Explaining Americans’ decline in geographic mobility

Derek Thompson highlights a decline in movement and summarizes what might be behind it:

Between the 1970s and 2010, the rate of Americans moving between states fell by more than half—from 3.5 percent per year to 1.4 percent. “It’s a puzzle and it’s the one I wish politicians and policy makers were more concerned about,” Betsey Stevenson, a former member of Obama’s Council of Economic Advisers, told The New York Times this week. Fewer Americans moving toward the best jobs and starting fewer companies could lead a less productive economy. On Thursday, the Financial Times reported that productivity “is set to fall in the U.S. for the first time in more than three decades.”…

Every dimension of declining American dynamism is connected. The slowdown in most areas’ business development comes from a shifting tide in American migration. For 100 years, population flowed from poor areas to rich areas. Now the trend has reversed. Land-use policies prevent more middle-class families from living in productive areas, because housing becomes too expensive. Meanwhile, the rich can afford to cluster in a handful of metros where entrepreneurship is a norm, while business dynamism falls in the rest of the country. There used to be too much land to settle. Now there’s not enough land to share.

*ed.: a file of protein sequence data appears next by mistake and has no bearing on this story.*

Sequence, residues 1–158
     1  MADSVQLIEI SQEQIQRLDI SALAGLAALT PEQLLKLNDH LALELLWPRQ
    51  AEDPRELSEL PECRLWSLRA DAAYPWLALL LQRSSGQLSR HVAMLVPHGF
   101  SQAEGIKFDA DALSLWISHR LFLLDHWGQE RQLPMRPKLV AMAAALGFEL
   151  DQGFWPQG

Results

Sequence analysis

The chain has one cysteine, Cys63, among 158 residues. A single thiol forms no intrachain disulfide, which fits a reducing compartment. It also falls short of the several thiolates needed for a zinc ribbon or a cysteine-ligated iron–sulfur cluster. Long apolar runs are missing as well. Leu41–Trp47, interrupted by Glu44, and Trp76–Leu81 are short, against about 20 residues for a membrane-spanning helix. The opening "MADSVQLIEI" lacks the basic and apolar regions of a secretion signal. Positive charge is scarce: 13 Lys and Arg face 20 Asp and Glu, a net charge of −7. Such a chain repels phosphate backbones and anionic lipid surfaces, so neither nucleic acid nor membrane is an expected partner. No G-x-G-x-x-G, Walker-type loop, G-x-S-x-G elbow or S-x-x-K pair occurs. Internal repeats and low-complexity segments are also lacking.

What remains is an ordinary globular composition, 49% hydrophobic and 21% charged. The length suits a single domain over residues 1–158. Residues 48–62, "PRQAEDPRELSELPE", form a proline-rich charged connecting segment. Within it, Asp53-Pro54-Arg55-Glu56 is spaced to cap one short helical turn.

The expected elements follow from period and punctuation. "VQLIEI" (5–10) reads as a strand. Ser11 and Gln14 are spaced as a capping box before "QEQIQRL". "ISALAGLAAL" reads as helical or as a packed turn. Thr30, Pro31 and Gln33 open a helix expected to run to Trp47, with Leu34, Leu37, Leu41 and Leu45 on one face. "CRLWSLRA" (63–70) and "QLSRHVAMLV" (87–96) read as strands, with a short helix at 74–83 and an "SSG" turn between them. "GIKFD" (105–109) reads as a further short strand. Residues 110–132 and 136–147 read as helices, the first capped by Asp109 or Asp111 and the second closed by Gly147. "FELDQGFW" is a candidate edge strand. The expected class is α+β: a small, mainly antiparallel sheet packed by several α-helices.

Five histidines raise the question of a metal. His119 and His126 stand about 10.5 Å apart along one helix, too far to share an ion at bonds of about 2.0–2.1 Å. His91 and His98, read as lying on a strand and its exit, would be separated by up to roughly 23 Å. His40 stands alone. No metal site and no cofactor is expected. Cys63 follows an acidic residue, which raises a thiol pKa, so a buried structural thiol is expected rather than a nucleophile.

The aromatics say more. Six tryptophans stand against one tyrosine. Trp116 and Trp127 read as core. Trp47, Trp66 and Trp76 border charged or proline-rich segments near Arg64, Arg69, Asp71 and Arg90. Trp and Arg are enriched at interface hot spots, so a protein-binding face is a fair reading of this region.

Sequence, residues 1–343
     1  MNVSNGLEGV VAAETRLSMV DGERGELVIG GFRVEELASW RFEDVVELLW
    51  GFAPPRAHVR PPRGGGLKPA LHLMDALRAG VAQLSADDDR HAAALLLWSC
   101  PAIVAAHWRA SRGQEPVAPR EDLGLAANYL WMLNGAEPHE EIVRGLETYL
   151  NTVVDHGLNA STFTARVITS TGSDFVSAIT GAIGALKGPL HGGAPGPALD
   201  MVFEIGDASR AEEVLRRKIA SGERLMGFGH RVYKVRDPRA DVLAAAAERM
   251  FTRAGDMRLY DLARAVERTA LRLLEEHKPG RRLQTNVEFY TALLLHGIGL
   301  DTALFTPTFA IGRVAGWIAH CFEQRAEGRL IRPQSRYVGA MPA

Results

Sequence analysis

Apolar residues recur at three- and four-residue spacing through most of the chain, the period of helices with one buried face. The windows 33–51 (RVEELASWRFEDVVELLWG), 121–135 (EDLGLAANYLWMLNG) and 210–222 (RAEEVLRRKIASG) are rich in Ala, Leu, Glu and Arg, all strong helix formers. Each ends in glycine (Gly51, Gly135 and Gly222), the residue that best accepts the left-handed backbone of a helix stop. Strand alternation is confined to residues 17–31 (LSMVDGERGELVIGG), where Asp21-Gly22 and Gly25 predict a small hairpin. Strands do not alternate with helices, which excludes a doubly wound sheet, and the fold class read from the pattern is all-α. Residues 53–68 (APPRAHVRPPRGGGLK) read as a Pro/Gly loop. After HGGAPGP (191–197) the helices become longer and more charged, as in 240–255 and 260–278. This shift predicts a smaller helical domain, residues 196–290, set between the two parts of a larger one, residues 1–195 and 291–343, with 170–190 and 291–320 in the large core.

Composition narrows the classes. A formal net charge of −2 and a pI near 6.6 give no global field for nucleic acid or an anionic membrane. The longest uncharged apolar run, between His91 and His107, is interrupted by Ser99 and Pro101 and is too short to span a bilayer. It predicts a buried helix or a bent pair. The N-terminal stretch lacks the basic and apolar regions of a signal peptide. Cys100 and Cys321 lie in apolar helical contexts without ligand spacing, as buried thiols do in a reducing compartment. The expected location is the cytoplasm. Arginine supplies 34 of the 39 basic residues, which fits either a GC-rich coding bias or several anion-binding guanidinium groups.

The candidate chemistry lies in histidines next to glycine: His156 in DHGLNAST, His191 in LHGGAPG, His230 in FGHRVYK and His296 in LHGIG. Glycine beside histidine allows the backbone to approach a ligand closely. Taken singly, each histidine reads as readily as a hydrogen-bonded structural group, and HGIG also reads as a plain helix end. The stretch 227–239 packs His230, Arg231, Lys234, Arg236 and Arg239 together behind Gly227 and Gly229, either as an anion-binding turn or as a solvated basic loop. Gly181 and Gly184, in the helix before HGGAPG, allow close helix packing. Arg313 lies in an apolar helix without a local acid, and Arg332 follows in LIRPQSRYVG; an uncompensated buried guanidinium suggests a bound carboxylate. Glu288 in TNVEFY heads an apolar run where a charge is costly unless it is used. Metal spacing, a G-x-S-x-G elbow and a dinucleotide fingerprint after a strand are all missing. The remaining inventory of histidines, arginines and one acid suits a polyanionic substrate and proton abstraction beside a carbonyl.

Two quick related thoughts:

  1. You regularly see people make the argument that people should just pick up and move to where there are more opportunities, meaning jobs and a cheaper cost of living (generally referring to housing and maybe taxes). There is even a single case in Evicted where a person moves from a poor Milwaukee neighborhood to a southern city and seems to be doing well. However, moving is not necessarily easy (see #2).
  2. Why are economists the only ones summarized here? Are sociologists not paying much attention to this? On one hand, I can see how economics would drive decisions about moving. Yet, it is not the only factor. People have social connections wherever they live and it can be difficult to form new social networks. While Americans always have prized mobility, don’t they also celebrate finding your roots and being a presence in your community? (Granted, Americans may be doing neither: moving less and being less engaged in civic life.) This reminds me of some public housing residents who didn’t want to leave pretty bad conditions in high-rise buildings. Or, what about explanations like those in The Big Sort or The Rise of the Creative Class where people choose to live near people like themselves.

2 thoughts on “Explaining Americans’ decline in geographic mobility

  1. Pingback: Closing on a house feels like… | Legally Sociable

  2. Pingback: More on the reduced geographic mobility of Americans | Legally Sociable

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